Contrary to popular belief, the fall climbing season in Nepal is far from over, despite the fact that most of the commercial teams have picked up and left for home, and summit bids on Everest, Dhaulagiri, Makalu, and Annapurna have been cancelled. There are still several teams that are gearing up for their climbs, and even though the weather continues to be a challenge, there is optimism throughout the region.
One of the climbs that we have been following in recent days is the attempt by Ueli Steck and Colin Hayley to climb Nuptse along the Babanov Route on Nuptse. That climb hasn’t been repeated since it was first opened back in 2003, and Ueli and Colin hope to do it in Alpine style. But so far they’ve only been able to acclimatize a bit, and not work the route at all. Colin has battled illness, while Ueli has kept himself busy scaling Cholatse three times in recent days. But, it seems the boys are now ready to go, provided the weather cooperates.
Ueli has told German adventure sports writer Stefan Nestler that Colin is now healthy and acclimatized to the altitude. He also says that the wall that they will climb on Nuptse had been dry and accessible up until last week, but now precipitation has brought snow and ice to the mountain. Conditions are now unstable, but they will be patient and wait for an opportunity to go up.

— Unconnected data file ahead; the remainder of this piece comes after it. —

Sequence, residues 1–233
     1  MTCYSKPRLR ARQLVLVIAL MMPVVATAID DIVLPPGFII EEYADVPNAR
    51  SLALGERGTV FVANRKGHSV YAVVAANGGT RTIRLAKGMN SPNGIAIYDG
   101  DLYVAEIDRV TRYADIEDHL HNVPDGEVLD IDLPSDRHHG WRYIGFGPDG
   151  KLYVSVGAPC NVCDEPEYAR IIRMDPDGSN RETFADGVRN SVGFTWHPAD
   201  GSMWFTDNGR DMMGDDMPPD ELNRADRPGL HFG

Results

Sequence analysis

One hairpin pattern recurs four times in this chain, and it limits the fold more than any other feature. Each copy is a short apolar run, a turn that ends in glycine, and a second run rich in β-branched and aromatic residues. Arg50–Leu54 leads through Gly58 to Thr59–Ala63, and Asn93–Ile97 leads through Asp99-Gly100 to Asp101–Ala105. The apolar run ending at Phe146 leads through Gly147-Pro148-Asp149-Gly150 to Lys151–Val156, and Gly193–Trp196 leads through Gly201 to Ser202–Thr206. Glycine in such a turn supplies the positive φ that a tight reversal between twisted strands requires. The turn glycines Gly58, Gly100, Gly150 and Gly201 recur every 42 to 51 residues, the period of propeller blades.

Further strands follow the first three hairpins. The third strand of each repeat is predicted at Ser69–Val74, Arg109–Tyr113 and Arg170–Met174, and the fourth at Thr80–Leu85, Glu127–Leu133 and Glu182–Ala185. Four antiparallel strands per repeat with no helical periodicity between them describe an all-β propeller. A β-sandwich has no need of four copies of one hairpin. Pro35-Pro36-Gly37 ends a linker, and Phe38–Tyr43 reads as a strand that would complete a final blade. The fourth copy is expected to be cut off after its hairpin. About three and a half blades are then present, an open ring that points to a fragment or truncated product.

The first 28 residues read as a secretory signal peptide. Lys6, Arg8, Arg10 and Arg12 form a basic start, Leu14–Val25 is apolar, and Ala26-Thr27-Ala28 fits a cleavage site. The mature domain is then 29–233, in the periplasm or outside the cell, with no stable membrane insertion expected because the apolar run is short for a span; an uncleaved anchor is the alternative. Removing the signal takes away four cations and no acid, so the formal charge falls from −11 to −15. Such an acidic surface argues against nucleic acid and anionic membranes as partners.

When asked about conditions in the Khumbu Valley following the April 25 earthquake, Ueli says that the region is completely rebuilt, safe, and ready for visitors. In fact, he says there are very few signs that the earthquake even occurred, although it remains very quiet there right now.
Meanwhile, another climbing team is now starting to ramp up its efforts. Luke Smithwick from Himalaya Alpine Guides has checked in from Kathmandu where his squad is departing today for Saldim Ri, an unclimbed peak that stands 6343 meters (20,810 ft) in height. He and Brian Beatty will fly out to Tumlingtar today, and begin the trek to Base Camp. He says the forecast calls for plenty of snow over the next ten days, but they will use that time to establish camp, begin acclimatizing, and plotting their route.
Finally, the South Korean team on Lhotse continues to wait for their opportunity. Poor weather has kept them from climbing thus far, but there is hope that things will improve. For now though, they sit and wait, and do the best they can to prepare.
It should also be noted that Polar explorer and mountaineer Lonnie Dupre is also in the Khumbu Valley at the moment. He and his team aren’t there just to climb mountains, although they may bag a peak or two along the way. Lonnie is leading a group of volunteers who have come to the area to help with the rebuilding process, and so far they have been making their way through a series of remote villages, lending assistance where they can. They’ve passed through Namche Bazaar and Gokyo for instance, and have been trekking in the shadow of Tenzing Peak in recent days. You can find out more about their efforts here.
That’s it for today. I’ll continue to keep an eye on things as the season progresses. Hopefully these three expeditions will get the chance to start climbing soon.
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